The identities of most of the eight people detained by police are also unclear. They include the person who loaned the apartment to the suspected terrorists and his friend, according to authorities. Two of the eight were hospitalized, the Interior Ministry said.

Whoever those inside the apartment were, they may have been preparing to unleash more terror on the streets of Paris.

The suspects appeared to be “prepared to act” in another possible attack, Paris Prosecutor Francois Molins said, noting their weaponry, structured organization and determination.

Investigators are also still digging into other angles related to Friday’s attacks, including the whereabouts of Abdeslam, the French suspect who was last seen heading toward the Belgian border in the hours after the massacres took place.

Officials are working to piece together where the terrorists were in the days and hours leading up to the attacks, and with whom they had contact. Seven of the attackers were killed during the attacks, mostly by blowing up the explosives strapped to their bodies.

Investigators have encountered at least one piece of evidence that could help them in their search: One of the attacker’s cell phones was found in a trash bin outside the Bataclan concert hall, where most of Friday’s victims were gunned down.

A message on the phone, according to Molins, said, “Here we go, it’s starting.”

Authorities are trying to determine whom the message was sent to, he said.

The Saint-Denis police operation is the most dramatic among wave upon wave of raids across France in the aftermath of the Paris attacks.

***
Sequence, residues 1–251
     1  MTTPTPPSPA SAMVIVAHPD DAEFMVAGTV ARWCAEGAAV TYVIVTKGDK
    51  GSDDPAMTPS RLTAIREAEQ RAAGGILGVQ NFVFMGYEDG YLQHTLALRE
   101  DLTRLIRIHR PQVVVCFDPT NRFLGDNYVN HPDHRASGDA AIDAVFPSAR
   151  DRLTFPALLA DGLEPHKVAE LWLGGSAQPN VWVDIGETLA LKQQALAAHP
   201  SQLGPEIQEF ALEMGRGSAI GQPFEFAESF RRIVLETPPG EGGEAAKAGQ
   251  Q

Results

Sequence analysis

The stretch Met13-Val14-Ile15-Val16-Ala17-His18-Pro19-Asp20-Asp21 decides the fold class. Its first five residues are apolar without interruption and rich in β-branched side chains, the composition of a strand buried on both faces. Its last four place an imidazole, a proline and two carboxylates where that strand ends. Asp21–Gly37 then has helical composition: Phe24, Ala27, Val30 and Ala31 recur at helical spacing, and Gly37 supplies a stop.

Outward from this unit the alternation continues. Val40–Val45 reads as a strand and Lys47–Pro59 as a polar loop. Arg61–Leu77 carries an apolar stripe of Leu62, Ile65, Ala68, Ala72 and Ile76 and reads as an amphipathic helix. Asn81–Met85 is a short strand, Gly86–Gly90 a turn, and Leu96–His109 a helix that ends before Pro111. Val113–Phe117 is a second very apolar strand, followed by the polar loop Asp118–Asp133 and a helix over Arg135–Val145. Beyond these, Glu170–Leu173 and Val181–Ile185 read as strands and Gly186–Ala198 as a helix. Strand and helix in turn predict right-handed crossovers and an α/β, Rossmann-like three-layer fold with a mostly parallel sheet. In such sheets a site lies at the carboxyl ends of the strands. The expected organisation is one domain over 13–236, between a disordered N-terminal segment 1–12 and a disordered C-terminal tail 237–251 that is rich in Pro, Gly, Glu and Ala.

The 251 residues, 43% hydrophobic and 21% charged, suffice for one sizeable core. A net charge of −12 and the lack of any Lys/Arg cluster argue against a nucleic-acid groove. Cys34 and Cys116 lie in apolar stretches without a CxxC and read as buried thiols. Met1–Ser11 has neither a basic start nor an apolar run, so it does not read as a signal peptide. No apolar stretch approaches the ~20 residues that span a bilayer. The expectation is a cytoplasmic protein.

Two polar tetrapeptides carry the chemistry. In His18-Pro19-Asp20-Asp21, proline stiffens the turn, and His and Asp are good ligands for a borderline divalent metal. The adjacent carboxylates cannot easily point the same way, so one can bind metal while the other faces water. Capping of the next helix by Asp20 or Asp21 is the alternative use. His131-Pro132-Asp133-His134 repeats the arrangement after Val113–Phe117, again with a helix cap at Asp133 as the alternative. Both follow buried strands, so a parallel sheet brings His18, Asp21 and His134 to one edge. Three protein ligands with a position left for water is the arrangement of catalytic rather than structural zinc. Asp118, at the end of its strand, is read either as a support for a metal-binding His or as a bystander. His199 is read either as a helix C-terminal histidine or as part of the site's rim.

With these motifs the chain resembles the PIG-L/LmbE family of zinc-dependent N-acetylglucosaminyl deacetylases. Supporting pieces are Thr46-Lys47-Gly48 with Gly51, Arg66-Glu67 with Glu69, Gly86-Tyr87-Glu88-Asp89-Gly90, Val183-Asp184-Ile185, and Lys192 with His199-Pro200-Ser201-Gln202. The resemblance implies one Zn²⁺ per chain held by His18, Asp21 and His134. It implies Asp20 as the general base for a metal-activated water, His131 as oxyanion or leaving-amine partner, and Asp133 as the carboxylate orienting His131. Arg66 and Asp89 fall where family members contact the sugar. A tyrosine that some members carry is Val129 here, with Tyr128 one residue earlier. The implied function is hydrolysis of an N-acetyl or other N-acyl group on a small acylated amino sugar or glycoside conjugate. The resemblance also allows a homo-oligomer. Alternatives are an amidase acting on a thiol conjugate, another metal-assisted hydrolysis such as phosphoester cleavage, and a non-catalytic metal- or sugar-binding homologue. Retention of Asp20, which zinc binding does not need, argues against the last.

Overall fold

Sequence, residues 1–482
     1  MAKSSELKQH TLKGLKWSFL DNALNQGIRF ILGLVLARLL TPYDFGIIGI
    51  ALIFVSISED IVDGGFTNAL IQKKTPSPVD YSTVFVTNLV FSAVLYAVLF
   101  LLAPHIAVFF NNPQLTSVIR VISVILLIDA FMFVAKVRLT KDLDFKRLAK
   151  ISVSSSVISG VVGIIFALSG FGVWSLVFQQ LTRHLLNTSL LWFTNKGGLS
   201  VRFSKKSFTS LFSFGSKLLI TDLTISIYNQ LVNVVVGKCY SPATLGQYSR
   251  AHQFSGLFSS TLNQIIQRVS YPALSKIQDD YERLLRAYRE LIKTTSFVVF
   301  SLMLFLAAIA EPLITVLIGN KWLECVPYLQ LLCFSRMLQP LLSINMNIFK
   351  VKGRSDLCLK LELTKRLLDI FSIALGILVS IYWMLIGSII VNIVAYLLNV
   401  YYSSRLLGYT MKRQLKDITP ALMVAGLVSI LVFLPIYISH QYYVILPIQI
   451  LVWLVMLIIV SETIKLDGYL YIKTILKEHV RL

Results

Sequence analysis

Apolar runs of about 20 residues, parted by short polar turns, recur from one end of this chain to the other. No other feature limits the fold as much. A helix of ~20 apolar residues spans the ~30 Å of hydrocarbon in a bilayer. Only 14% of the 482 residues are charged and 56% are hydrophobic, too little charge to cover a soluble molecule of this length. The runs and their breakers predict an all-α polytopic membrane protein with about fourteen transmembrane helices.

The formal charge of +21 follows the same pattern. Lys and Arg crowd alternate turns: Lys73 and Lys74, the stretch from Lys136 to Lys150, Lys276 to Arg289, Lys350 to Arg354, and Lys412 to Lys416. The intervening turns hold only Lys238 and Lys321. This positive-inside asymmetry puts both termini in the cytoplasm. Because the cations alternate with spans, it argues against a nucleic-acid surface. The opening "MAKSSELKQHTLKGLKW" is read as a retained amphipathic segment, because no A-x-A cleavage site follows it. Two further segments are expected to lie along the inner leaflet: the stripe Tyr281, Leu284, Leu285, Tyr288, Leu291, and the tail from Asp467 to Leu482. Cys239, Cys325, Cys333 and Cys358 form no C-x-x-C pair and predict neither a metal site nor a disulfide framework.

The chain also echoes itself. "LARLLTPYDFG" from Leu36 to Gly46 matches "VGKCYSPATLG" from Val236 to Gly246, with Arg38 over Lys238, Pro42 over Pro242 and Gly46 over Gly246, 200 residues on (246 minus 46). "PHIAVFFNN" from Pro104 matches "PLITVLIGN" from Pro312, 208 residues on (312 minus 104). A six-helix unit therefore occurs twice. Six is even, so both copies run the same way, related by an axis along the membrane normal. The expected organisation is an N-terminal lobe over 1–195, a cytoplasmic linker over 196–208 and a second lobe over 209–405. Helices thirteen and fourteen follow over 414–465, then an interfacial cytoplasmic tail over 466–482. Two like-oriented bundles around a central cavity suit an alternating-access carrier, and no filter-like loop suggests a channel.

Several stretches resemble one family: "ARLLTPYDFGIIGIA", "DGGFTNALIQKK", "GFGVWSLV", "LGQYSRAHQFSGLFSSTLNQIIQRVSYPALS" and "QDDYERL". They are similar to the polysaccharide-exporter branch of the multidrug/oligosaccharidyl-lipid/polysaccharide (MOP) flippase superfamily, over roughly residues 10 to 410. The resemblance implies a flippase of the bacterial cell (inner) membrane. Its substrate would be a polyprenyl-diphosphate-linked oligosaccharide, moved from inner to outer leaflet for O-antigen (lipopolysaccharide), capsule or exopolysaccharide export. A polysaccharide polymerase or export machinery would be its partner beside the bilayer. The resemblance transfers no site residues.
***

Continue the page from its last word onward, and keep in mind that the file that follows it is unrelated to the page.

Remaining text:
Authorities are using the state of emergency declared by President Francois Hollande to carry out a widespread clampdown on potential terrorist threats, detaining dozens of people, putting more than 100 others under house arrest and seizing an alarming array of weapons.

Hollande, who wants to extend the state of emergency for three months, held up Wednesday’s deadly clash between police and suspects in Saint-Denis as further proof that France is “at war” with ISIS, which is notorious for brutally imposing its warped interpretation of Islam on the millions of people living in the territory it controls in Syria and Iraq.

The Paris attacks and ISIS’ claim of bringing down a Russian passenger jet over Egypt last month have underscored the extremist group’s desire to expand the reach of its terror.

Already part of the U.S-led coalition that’s bombing ISIS targets in Syria and Iraq, France has stepped up its airstrikes on the militants since the Paris attacks.

Hollande said he would appeal to world leaders to form a wider coalition to go after ISIS, including meeting next week with U.S. President Barack Obama and Russian President Vladimir Putin.

Russia has taken military action in Syria independently of the U.S.-led coalition, attacking ISIS but also other groups opposed to Syrian President Bashar al-Assad, a close ally of Moscow.